The increasing economic threat from Coronavirus – what to watch for and what should investors do
By Fenwickefinancial On March 17, 2020
Coronavirus continues to rattle investment markets as the number of new cases outside China continues to rise posing increasing uncertainty over the impact on economic activity. And its impact has intensified following the collapse of OPEC discipline causing a further plunge in oil prices raising concerns about debt servicing for oil producers. From their highs global shares and Australian shares have had a fall of around 20%.
Given the extreme uncertainty this note looks at various scenarios in relation to global and Australian economic growth and what signposts to look at in relation to how it may unfold.
Much ado about nothing or a major global catastrophe
It seems there are two extreme views on coronavirus. Some see it as just a bad flu and can’t see what the fuss is all about. Others think that it will trigger a major humanitarian and economic catastrophe killing millions and triggering a major global recession as excessive leverage is finally exposed. The optimist in me wants to lean to the former:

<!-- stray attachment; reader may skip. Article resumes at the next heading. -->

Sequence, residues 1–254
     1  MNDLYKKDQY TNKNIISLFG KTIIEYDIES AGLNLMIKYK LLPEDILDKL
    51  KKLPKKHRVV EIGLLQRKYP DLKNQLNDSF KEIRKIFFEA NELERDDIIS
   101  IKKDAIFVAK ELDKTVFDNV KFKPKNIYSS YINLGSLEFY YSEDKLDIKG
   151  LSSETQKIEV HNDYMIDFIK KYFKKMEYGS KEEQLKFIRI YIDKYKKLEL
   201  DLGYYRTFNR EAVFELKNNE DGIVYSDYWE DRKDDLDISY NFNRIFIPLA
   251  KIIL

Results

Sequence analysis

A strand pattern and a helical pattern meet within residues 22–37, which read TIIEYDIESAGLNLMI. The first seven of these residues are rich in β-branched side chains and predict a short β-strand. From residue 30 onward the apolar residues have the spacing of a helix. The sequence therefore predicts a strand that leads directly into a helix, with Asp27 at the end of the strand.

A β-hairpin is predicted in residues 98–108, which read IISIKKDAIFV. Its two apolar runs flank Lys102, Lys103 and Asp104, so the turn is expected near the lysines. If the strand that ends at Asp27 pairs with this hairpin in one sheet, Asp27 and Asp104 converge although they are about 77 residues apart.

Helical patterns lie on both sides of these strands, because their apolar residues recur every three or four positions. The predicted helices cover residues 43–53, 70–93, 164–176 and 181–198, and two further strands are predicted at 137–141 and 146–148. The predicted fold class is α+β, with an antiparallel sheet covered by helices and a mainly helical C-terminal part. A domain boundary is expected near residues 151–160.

-So far over 114,000 people are reported to have contracted the virus of which nearly 4000 have died. Of course, this number is still growing but in China where the number of new cases has collapsed the number is 80,754 cases and 3136 deaths. In the 2017-18 US flu season alone 44.8m Americans got sick and 61,099 died.
-The actual death rate from Covid-19 may be 1% or lower, rather than the currently reported rate of 3.5% because many of those who get the virus don’t get sick enough to seek medical help and so won’t be included in the case count. The Diamond Princess episode may provide a rough guide – all 3711 passengers and crew have been tested with 705 contracting the virus of which seven have died and most of those are believed to have been over 70. This would suggest a death rate of around 1% which is only just above that for regular flu for those over 65.
-It appears to be less contagious than regular flu.
-China’s experience shows it can be contained. Maybe this is due to extreme containment measures in Hubei that are not possible in other countries. But the case count in the rest of China has also been contained with less extreme measures and Singapore and Hong Kong have had some success in slowing new cases without extreme quarantining.